Reader, I realize it’s already cocktail hour on the East Coast (insert sigh of longing here), but I’m bound and determined to post a roundup today. Stakin’ a claim! I’ve been at my desk 20 minutes trying to start this post. Things keep happening. Bug bites. Disputes over the green marker. Paper cuts. Resistance to post-basketball showers. Requests for more food (did we not just finish lunch)? In other words, lentils. But lentils-shmentils, I’m writing a roundup. Let’s go:
your brain on Shakespeare I’m a little late to this party, but this is really cool. I was reading an essay by David Kirby (“A Wilderness of Monkeys” from The Monkey and the Wrench: Essays in Contemporary Poetics) in which the author referred to a study of what our brains do when they’re reading Shakespeare. The study was published in 2006 by the University of Liverpool, and it found that Shakespearean language, and particularly “functional shifts” wherein one word can change the grammar of a whole sentence (such as a word that’s typically a noun functioning as a verb or vice versa), causes our brains to light up in ways that they do not when functional shifts are not employed. A quote from one of the researchers:
Well, no wonder Shakespeare’s work has stood the test of time — it makes our brains happy! I love it when brain science and literature have things to say to one another. And methinks there’s a little craft tip in these findings as well.
eating your spinach I confess, I’m an on again/off again subscriber to Poetry magazine. I subscribed for a few years, then let it lapse when we moved to California. I recently resumed my subscription. For me Poetry is all about eating your spinach. You know you need to read it; it’ll be good for you. Sometimes it’s delicious — fresh, crisp and drizzled with a sweet and sour bacon dressing. Other times — meh. But I’ve really enjoyed the “A Few Don’ts” series they’ve been running, in which contemporary poets follow in the wake of Ezra Pound’s A Few Don’ts by an Imagiste to list their own don’ts-for-poets.
I especially appreciate this one by Reginald Dwayne Betts in the March issue:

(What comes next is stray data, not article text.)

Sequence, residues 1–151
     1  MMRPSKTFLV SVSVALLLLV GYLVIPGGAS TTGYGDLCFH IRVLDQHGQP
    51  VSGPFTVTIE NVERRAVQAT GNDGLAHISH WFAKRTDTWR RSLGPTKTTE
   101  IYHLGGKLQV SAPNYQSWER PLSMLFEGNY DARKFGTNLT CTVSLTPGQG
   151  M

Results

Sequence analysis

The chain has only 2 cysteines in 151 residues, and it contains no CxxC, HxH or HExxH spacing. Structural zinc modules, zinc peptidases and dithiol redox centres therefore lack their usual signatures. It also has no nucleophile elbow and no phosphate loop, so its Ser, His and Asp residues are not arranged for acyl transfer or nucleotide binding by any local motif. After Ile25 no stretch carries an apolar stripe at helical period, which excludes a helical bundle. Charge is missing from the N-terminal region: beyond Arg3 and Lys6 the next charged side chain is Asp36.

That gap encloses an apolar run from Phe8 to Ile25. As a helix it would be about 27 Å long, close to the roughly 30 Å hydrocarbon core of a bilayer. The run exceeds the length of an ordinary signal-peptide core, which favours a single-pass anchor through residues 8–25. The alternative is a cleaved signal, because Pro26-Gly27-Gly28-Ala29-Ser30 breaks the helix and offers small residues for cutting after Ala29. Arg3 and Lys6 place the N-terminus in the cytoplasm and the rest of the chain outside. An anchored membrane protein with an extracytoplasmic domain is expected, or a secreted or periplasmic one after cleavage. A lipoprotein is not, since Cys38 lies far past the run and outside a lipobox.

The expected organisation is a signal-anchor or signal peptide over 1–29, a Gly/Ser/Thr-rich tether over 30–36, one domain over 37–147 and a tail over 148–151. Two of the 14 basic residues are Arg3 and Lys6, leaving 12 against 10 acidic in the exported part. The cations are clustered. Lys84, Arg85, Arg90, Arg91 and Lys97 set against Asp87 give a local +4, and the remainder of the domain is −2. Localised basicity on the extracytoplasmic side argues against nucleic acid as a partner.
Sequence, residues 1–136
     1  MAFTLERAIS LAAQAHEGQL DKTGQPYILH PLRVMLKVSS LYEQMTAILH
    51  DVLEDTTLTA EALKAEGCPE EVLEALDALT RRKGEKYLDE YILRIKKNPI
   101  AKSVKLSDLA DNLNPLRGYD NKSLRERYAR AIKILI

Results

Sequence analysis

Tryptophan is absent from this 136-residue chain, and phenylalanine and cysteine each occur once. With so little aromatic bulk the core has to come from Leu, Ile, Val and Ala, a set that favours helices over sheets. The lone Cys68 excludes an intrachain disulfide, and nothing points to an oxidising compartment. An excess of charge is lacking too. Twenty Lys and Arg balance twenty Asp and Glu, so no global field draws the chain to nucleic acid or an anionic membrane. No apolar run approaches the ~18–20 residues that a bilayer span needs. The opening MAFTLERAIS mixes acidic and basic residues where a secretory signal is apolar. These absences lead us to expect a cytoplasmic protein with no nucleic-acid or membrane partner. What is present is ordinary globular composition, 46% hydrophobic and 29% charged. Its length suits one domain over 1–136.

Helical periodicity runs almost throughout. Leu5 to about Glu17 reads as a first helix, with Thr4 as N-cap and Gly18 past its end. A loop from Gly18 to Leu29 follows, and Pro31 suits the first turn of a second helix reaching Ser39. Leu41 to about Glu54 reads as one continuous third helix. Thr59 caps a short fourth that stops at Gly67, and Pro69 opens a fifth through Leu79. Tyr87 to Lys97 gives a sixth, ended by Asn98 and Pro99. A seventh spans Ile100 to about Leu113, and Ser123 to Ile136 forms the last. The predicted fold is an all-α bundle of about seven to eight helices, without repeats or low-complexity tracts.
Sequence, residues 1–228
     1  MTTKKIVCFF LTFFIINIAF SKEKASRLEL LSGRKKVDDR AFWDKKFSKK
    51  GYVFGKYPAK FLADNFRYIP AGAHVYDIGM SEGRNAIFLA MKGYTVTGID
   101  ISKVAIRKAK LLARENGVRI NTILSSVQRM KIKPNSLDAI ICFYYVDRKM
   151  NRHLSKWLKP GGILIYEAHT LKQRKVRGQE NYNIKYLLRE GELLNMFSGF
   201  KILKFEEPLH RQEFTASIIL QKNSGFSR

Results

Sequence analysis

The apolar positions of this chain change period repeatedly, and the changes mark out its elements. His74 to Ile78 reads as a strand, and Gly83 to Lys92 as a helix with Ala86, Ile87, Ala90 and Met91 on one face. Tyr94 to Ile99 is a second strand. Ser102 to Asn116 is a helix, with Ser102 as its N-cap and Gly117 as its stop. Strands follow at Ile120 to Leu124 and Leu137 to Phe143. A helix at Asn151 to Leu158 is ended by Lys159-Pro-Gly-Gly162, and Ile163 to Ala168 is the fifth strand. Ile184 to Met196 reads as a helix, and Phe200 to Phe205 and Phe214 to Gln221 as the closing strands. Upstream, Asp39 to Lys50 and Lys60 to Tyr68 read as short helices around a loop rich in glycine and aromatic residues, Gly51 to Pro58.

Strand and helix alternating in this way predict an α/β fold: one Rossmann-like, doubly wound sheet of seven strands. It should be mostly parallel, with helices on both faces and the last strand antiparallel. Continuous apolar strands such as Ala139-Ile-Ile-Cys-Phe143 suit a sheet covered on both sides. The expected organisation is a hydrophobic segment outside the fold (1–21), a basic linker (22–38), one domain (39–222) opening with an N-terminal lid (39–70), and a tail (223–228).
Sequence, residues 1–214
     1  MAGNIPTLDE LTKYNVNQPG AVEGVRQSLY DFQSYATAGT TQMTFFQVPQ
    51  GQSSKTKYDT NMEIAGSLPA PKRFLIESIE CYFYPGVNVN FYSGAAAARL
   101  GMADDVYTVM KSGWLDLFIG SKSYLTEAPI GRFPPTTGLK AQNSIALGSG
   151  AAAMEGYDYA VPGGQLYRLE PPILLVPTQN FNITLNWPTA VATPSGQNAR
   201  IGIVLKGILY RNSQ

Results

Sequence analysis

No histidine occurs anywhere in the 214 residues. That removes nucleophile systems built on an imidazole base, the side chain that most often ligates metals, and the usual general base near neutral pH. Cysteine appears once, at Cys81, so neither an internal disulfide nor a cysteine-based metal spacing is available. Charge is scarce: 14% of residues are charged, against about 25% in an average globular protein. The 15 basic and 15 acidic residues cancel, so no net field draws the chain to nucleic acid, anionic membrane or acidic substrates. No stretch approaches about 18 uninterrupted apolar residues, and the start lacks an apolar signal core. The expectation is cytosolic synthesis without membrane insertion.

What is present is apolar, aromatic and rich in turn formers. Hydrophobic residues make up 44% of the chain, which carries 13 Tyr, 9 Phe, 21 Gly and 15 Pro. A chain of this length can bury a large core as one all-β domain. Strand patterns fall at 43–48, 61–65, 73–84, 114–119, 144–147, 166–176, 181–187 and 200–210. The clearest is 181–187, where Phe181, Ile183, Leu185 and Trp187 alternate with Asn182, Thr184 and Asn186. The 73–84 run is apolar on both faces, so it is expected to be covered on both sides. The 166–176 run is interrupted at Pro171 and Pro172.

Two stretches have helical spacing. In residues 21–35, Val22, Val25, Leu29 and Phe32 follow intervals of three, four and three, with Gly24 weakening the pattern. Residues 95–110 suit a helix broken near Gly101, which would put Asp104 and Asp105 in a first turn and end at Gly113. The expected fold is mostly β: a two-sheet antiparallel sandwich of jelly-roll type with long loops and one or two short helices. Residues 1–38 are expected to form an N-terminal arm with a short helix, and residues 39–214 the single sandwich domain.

“This ain’t about risk. Risk is living below the poverty line in the worst part of town; risk is raising a black boy in a town with laws like Stand Your Ground; … risk is what soldiers, police officers, firefighters encounter. Poetry is about language, words, about being as honest as you can on the page.”
Writers sometimes talk about “taking risks” — and it can feel risky to a writer (in a personal way) to delve into material that may be painful for her. But — aside from helping us keep things in proper perspective — what I like about this quote is the reminder that poetry is about language and words. Even those subjects that feel personally risky to the poet must make themselves useful within the tools of the trade. For me, this idea can help take some of the emotion out of drafting: Get in line, you slippery emotions, you’re in poetry school now!
“The room has earned its sadness.” In my small cracks of reading and writing time this week, I’ve been reading Alison Titus’ sum of every lost ship. I’m really enjoying it, and will write more about it soon, but for now I’ll send you to read a couple of motel poems found in the book, and originally published at Blackbird. I love that these poems are tiny but packed with emotion. I love their loneliness, their forlorn-ness. I’m so intrigued by the way they’re full-justified so that space happens randomly within the lines, and so that the unfolding of the poem is both irregular and constricted — moments of almost-freedom within a small box. Rather like the feeling of being in a motel room, no? The first one is here and the second is here, and while you’re there you won’t be disappointed if you read this poem, too.
Reader, have a wonderful weekend. Thanks, as always, for reading. And may your brain be lit up like Vegas.